The root systems of forest trees are composed of different diameters and heterogeneous physiological traits. However, the pattern of root respiration rates from finer and coarser roots across various tropical species remains unknown. To clarify how respiration is related to the morphological traits of roots, we evaluated specific root respiration and its relationships to mean root diameter (D) of various diameter and root tissue density (RTD; root mass per unit root volume; gcm(-3)) and specific root length (SRL; root length per unit root mass; mg(-1)) of the fine roots among and within 14 trees of 13 species from a primary tropical rainforest in the Pasoh Forest Reserve in Peninsular Malaysia. Coarse root (2-269mm) respiration rates increased with decreasing D, resulting in significant relationships between root respiration and diameter across species. A model based on a radial gradient of respiration rates of coarse roots simulated the exponential decrease in respiration with diameter. The respiration rate of fine roots (<2mm) was much higher and more variable than those of larger diameter roots. For fine roots, the mean respiration rates for each species increased with decreasing D. The respiration rates of fine roots declined markedly with increasing RTD and increased with increasing SRL, which explained a significant portion of the variation in the respiration among the 14 trees from 13 species examined. Our results indicate that coarse root respiration in tree species follows a basic relationship with D across species and that most of the variation in fine root respiration among species is explained by D, RTD and SRL. We found that the relationship between root respiration and morphological traits provides a quantitative basis for separating fine roots from coarse roots and that the pattern holds across different species.
In previous study, in vitro antiplasmodial activity fractions isolated from methanol extract of E. longifolia, Jack. have been evaluated. Among 5 isolates evaluated from the study, isolate 4 showed high in vitro antiplasmodial activity. However, which stage specificity of the isolates on P. falciparum cycles has not been evaluated. This study was intended to evaluate the stage specificity of the isolate on P. falciparum cycles. The study was conducted by observing the percentage of each stages of P. falciparum microscopically after 8, 16, 24, 32, 40, 48, 56, 64, and 72 hours incubation periods with 3 various concentration of isolate 4 compared with control. The result showed that isolate 4 of E. longifolia root methanol soluble fractions most potent at trophozoites stages of P. falciparum.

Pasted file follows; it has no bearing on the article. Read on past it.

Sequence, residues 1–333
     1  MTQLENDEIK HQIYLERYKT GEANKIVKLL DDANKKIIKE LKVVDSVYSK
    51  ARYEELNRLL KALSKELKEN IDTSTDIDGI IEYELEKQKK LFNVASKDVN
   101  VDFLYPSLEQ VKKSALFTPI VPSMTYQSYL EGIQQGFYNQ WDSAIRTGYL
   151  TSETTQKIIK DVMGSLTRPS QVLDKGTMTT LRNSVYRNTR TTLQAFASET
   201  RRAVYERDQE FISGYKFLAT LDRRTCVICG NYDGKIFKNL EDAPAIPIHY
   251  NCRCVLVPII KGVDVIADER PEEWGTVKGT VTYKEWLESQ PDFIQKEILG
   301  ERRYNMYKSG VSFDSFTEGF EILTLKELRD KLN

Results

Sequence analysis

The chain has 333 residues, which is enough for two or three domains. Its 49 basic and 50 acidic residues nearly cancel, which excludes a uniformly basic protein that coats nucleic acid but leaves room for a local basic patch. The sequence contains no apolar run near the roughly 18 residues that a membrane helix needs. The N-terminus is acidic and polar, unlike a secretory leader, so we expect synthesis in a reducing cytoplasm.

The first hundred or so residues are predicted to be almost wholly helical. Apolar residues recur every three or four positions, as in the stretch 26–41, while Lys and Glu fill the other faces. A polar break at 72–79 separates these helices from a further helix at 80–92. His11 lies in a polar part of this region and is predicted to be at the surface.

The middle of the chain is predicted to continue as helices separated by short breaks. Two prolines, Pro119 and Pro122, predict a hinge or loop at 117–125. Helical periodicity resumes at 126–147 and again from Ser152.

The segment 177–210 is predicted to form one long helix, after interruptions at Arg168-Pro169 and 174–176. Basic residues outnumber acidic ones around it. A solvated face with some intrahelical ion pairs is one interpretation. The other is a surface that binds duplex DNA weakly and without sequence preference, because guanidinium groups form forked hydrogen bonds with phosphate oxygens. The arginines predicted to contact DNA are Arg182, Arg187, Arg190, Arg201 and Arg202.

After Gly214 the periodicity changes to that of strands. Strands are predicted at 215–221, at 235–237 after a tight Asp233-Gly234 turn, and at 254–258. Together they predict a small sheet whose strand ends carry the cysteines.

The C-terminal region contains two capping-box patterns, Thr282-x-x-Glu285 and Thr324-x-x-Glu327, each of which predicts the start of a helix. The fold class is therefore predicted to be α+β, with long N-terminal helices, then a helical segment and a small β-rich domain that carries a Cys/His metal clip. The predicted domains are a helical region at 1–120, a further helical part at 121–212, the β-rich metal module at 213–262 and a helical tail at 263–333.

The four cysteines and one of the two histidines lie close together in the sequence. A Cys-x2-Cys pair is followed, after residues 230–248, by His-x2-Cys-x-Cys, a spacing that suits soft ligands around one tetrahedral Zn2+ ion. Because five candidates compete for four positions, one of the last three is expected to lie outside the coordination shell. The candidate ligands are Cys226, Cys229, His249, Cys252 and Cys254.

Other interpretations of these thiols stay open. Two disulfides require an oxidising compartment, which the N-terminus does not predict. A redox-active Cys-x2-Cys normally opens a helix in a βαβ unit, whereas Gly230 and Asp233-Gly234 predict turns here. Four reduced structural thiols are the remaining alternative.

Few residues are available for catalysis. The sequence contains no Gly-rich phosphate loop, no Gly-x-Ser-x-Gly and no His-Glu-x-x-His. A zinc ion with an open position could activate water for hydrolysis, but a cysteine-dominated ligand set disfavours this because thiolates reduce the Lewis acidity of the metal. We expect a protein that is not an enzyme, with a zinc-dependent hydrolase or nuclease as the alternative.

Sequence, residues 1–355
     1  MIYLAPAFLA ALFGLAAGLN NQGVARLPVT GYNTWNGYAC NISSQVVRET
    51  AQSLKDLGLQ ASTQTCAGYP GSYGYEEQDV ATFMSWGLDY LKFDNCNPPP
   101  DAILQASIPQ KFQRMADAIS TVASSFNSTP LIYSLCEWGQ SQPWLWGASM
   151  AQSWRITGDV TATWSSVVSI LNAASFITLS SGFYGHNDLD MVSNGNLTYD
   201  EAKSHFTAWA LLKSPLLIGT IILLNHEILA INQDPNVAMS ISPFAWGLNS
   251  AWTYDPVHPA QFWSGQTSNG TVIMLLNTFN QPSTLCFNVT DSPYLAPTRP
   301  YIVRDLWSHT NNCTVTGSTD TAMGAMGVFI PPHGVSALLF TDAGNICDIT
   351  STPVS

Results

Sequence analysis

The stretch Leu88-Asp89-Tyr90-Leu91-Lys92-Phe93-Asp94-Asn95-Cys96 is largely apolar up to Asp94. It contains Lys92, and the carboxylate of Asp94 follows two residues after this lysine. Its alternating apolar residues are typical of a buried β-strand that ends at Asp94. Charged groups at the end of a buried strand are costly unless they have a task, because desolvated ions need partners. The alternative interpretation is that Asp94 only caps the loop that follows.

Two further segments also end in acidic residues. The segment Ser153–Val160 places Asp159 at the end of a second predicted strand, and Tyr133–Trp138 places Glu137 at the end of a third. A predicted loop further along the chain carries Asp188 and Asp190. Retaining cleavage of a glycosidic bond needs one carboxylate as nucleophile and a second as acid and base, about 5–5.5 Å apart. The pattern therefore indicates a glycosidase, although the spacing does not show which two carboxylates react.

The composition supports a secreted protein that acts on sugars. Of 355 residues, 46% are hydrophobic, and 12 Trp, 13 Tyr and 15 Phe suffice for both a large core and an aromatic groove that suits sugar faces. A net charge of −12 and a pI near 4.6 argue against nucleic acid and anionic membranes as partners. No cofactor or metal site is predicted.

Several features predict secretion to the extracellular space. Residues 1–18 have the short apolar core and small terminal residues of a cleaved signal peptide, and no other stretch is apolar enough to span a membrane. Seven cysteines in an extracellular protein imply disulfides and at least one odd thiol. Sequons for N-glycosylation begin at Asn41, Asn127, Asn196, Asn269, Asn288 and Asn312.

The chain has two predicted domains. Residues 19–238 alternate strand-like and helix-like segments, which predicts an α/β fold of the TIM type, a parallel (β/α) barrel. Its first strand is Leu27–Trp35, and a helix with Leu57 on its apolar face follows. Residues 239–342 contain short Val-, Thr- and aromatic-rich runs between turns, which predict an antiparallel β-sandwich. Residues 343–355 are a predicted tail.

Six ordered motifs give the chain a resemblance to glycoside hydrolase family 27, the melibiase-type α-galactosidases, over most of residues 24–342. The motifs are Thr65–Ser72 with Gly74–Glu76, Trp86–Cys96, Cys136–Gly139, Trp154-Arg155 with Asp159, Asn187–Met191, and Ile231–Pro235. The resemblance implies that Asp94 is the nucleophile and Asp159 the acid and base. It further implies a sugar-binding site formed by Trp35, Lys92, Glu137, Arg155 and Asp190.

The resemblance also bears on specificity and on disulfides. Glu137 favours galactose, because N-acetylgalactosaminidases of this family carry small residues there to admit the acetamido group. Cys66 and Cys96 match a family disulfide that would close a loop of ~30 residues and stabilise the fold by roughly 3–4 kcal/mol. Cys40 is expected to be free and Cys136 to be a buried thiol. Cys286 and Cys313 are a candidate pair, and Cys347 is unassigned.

Amphidiploid species in the Brassicaceae family, such as Brassica napus, are more tolerant to environmental stress than their diploid ancestors.A relatively salt tolerant B. napus line, N119, identified in our previous study, was used. N119 maintained lower Na(+) content, and Na(+)/K(+) and Na(+)/Ca(2+) ratios in the leaves than a susceptible line. The transcriptome profiles of both the leaves and the roots 1 h and 12 h after stress were investigated. De novo assembly of individual transcriptome followed by sequence clustering yielded 161,537 nonredundant sequences. A total of 14,719 transcripts were differentially expressed in either organs at either time points. GO and KO enrichment analyses indicated that the same 49 GO terms and seven KO terms were, respectively, overrepresented in upregulated transcripts in both organs at 1 h after stress. Certain overrepresented GO term of genes upregulated at 1 h after stress in the leaves became overrepresented in genes downregulated at 12 h. A total of 582 transcription factors and 438 transporter genes were differentially regulated in both organs in response to salt shock. The transcriptome depicting gene network in the leaves and the roots regulated by salt shock provides valuable information on salt resistance genes for future application to crop improvement.